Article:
Light microscopic immunodetection of NTS1 receptors in vivo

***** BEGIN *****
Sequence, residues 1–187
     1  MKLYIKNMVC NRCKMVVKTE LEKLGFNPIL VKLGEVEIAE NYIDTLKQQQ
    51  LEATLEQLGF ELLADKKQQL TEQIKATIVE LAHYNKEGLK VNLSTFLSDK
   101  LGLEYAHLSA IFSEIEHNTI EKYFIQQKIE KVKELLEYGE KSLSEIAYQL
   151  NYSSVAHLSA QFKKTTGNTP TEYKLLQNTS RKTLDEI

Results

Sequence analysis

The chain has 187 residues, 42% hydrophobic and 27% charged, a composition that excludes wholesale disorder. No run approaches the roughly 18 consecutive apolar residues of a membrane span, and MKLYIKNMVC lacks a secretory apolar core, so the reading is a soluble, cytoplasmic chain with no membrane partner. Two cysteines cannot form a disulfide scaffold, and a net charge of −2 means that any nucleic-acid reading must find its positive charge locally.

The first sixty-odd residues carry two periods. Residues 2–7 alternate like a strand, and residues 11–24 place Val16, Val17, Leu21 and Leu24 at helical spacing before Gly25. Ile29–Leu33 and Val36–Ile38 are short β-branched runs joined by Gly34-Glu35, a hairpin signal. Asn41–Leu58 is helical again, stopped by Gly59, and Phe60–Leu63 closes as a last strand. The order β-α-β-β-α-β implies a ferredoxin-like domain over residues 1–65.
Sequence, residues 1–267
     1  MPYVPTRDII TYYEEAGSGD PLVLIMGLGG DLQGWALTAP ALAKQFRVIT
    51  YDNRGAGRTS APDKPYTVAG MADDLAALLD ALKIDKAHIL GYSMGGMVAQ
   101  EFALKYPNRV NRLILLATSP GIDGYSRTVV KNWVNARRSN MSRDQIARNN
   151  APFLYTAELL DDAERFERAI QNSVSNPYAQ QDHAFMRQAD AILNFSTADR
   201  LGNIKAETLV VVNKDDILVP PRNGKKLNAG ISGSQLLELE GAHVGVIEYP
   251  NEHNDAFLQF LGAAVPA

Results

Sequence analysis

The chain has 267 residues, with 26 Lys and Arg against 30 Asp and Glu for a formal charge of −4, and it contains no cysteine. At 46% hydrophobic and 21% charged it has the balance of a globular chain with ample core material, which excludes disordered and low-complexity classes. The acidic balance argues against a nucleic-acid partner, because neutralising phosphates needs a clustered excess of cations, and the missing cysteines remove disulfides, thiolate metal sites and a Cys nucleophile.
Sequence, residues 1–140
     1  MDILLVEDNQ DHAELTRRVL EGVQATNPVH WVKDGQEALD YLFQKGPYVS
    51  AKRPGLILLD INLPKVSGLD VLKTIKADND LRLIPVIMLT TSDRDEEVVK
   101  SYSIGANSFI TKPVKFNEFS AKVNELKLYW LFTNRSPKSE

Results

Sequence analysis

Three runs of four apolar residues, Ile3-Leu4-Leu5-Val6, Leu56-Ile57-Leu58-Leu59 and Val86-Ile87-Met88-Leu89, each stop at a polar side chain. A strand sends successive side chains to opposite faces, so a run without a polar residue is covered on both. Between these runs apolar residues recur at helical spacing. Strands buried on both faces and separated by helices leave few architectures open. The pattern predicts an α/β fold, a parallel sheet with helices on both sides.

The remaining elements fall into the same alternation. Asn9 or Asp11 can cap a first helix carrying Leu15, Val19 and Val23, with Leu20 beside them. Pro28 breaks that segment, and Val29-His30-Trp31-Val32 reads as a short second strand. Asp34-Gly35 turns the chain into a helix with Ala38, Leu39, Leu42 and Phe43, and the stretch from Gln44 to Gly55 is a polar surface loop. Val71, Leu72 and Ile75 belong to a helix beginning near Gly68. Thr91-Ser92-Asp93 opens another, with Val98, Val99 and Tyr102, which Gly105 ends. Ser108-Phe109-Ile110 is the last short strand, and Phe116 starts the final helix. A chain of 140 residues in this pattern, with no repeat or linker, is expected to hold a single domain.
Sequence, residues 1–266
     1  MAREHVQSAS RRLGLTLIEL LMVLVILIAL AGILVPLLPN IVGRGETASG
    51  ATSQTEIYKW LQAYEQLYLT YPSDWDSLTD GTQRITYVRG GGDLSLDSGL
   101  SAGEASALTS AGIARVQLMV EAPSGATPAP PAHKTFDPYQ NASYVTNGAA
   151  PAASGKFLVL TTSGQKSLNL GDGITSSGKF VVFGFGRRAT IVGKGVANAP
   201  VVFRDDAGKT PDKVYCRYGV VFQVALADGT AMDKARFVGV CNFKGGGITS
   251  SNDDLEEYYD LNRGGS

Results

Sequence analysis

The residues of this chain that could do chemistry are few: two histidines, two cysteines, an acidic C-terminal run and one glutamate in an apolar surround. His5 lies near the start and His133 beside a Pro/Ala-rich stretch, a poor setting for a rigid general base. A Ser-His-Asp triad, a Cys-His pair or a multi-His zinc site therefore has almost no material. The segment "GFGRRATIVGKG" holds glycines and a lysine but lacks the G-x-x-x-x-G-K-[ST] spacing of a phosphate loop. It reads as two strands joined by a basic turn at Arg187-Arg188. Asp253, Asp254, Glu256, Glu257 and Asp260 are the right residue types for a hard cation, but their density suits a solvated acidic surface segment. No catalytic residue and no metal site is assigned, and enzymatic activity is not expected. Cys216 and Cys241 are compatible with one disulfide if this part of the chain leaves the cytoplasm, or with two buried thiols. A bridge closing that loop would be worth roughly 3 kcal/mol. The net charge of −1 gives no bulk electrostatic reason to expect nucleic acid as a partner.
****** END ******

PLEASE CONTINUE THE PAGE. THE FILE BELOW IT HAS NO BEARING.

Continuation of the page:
Adult Sprague–Dawley rats were deeply anesthetized with ketamine/ xylazine (87/13 mg/kg) administered intramuscularly (300 lL) and perfused transaortically with a freshly prepared solution of 4% p-formaldehyde in 0.1 M phosphate buffer (PB), pH 7.4. Tissues were rapidly removed, cryoprotected overnight in 0.1 M PB, containing 30% sucrose at 4oC, and frozen for 1 min in isopentane at )40oC. Spinal cords were sectioned transversely at 30 lm on a Leica SM2000R sliding microtome (Leica, Dollard-des-Ormeaux, QC, Canada) and DRG were cut on a Leica CM1850 cryostat at 20 lm. Immunostaining was performed according to the avidin–biotin peroxidase method (Elite ABC kit; Vector Laboratories, Burlingame, ON, Canada) using a nickel-intensified diaminobenzidine protocol to localize the horseradish peroxidase immunoreaction product as described previously (Sarret et al. 2003). Briefly, tissue sections were washed twice with 0.1 MTBS, pH 7.4, pre-treated for 30 min with3% hydrogen peroxide in 0.1 M TBS to quench endogenous peroxidase. Serial sections were then washed twice with TBS (2 · 10 min), preincubated for 1 h at 22C in a blocking solution containing 3% normal goat serum (NGS) and 0.2% Triton X-100 in TBS, and incubated overnight at 4oC with the primary NTS1 antibody (1/1000) diluted in TBS containing 0.05% Triton X-100 and 0.5% NGS. Following two rinses in TBS containing 1% NGS (2 · 10 min), sections were incubated for 1 h at 220C in biotinylated goat anti-guinea pig immunoglobulin diluted 1/400 in TBS (Vector laboratories, Burlington, ON, Canada), and then 1 h in Elite ABC solution (Vector Laboratories; prepared according to the manufacturer’s instructions). Visualization of bound peroxidase was achieved by reaction in a solution of 0.1 M Tris–HCl (TB; pH 7.4) containing 0.05% 3-3'-diaminobenzidine (DAB; Sigma-Aldrich), 0.04% nickel chloride, and 0.001% H2O2. The same procedure was used for control experiments except that sections were processed either with antibodies pre-adsorbed overnight in an excess of immunizing peptide or in the absence of primary antibody. The NTS1 immunoreactivity was completely abolished by pre-adsorption of the antibody with 2 lg/mL of blocking antigen. Reacted sections were mounted on Super frost plus slides (VWR, Mississauga, ON, Canada), dehydrated in graded ethanol, defatted in xylene, and mounted with Permount (Fisher Scientific, Montreal, QC, Canada). Labeled structures were examined under bright-field illumination with a Leica DM-4000 automated research microscope (Leica) and digitized images were obtained with a Lumenera InfinityX-21 digital camera using Infinity Capture software (Lumenera Corporation, Ottawa, ON, Canada).